Although fighting and air strikes over Daraa paused on Sunday, July 8, the ceasefire deals the Russians negotiated with rebel leaders on July 6, are unclear – above all, for lack of a word of endorsement from Damascus. Even the Russians have been caught in non-compliance, DEBKAfile’s military sources report. It was agreed that the Russian military police would assume control of the key Nassib crossing on the Syrian-Jordanian border held for seven years by Syrian rebels. On Saturday, however, a mixed group of Russian and Syrian troops were depicted in control of Nassib.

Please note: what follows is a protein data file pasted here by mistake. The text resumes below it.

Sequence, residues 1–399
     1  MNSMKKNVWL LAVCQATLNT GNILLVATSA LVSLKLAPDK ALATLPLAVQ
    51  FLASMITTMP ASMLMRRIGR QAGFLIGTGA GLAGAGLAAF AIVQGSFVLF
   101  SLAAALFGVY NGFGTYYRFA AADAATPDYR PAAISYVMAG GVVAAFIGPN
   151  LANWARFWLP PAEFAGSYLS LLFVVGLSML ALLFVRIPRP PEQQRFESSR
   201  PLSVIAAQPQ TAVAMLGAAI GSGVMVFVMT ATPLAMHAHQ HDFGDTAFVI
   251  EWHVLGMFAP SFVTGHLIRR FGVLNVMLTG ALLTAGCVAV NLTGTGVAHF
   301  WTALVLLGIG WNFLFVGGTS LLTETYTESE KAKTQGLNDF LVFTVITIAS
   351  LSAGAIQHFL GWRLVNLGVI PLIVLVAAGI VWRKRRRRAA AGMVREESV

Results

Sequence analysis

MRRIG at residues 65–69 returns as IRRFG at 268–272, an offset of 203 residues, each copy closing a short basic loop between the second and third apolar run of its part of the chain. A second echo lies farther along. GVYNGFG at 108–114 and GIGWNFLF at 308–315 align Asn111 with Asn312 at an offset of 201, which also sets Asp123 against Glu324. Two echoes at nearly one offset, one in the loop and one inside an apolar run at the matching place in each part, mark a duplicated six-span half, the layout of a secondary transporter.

After capturing several villages, the Syrian army has yet to reach large stretches of land in the province of Daraa and control the full length of the Jordanian border, which could take another 10 days or so. The ceasefire may not hold in some places if rebel groups holding out against the ceasefire resist Syrian forces. Neither are the Syrians yet in control of the city of Daraa, where rebel militias still rule most districts. According to the Russian-rebel accord, only Syrian civil servants may enter the city – not soldiers. But if that provision also falls by the wayside, the rebels may again resort to arms. And so the the agreed ceasefire is fragile at best.